Indian Hills Insight September 2018

by Kevin Pink

Indian Hills Information Director


With the reduction in funding from other sources, grants have become increasingly important in allowing Indian Hills Community College to continue to offer the kind of educational experience it has been delivering to students for more than 50 years.  Those grants have been awarded in different dollar amounts, some large and some smaller, and have been received from a myriad of different federal, state and local sources.

All of the grants have been welcomed by the different areas at Indian Hills that have benefitted from the increase in their available funds.  “At IHCC, grants fund unique projects that are beyond the reach of our college budget,” said Martha Wick, Associate Dean, Governmental Affairs.  “They support educational opportunities for students, encourage innovation and facilitate grant-related community partnerships.”

Indian Hills President Dr. Marlene Sprouse points out that grants have long been integral to the growth of the college.  “Grants have allowed Indian Hills to construct facilities in several locations to meet physical space and program needs.  They have been crucial in helping us keep our equipment and technology up-to-date and in offering programs like Student Support Services and Upward Bound that assist students we might not otherwise be able to help.  More than once we have been awarded grants to run programs named as national centers.”

One of the latest grants received by IHCC is from the National Science Foundation (NSF) for $598,040 to develop photonics education in Iowa’s rural secondary schools, giving students a chance to pursue a career in a field they had little or no exposure to previously.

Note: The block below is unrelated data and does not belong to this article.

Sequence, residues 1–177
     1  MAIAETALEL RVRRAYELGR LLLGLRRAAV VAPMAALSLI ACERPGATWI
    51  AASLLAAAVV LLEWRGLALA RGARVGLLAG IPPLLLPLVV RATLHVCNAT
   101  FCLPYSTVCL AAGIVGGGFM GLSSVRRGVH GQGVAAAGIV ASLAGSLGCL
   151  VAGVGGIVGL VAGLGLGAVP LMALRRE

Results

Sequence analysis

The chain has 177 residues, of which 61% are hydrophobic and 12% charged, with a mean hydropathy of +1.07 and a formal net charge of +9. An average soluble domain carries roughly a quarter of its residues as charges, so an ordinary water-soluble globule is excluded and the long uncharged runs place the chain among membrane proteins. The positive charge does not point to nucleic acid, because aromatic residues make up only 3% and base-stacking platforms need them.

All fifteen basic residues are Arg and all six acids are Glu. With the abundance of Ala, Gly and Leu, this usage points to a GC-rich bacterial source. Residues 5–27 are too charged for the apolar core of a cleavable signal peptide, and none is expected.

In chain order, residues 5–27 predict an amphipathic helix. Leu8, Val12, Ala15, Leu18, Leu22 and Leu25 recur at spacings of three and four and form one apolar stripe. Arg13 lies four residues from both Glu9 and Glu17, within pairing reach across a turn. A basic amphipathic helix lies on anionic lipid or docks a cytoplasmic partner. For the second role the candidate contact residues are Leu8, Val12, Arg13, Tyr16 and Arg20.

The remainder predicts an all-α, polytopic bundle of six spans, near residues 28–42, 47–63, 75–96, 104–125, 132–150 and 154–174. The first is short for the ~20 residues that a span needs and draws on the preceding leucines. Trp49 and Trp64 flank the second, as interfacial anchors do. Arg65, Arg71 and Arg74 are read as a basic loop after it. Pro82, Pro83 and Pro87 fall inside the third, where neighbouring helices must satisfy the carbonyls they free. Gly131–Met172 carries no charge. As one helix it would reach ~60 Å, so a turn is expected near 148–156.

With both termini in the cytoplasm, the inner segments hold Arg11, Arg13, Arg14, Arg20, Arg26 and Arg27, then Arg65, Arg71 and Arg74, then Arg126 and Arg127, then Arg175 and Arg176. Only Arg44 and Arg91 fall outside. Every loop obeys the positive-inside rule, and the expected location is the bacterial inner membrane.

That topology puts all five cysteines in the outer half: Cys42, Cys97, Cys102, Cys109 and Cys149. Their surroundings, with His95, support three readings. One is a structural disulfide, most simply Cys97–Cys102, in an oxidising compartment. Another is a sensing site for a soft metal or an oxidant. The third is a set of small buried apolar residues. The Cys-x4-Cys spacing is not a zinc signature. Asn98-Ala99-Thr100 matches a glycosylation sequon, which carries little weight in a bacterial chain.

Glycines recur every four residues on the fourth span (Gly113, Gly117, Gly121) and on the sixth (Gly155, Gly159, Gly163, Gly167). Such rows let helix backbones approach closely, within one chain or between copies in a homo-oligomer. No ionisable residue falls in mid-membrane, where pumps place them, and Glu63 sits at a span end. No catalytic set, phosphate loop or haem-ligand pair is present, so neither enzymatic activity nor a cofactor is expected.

Photonics is the technology of generating and harnessing light and other forms of radiant energy, according to Greg Kepner, Director of the Midwest Photonics Education Center, which was established by IHCC in 2014 through the NSF Advanced Technological Education program.  Photonics involves cutting-edge uses of lasers, optics, fiber-optics and electro-optical devices in numerous and diverse fields of technology.

Kepner says the new grant will allow the center to “build upon its previous efforts to expand the pipeline of qualified photonics technicians.”  Because they operate on tight budgets, rural school districts are not likely to have the means to hire a dedicated photonics teacher or equip a photonics laboratory.  Part of the grant will allow for photonics kits to be distributed in the schools.

“For this project,” Kepner says, “we will offer a dual credit photonics course to rural Iowa high school students via a hybrid online learning platform.  The course will be offered over two high school semesters or 36 weeks.  The year-long format will ensure that students take part in sufficient instructional time to obtain both high school and college credit.”

To further its impact on secondary teachers and students, IHCC will offer two-day symposiums for secondary school science and technology teachers in southern and central Iowa.

“We have raised the awareness of secondary teachers and students about photonics, photonics careers and laser applications in advanced manufacturing since our photonics education center opened,” Kepner says.  “Now, this grant will allow us to really encourage students to explore the photonics technician pathway.”

(This is a monthly column, provided by Indian Hills Community College)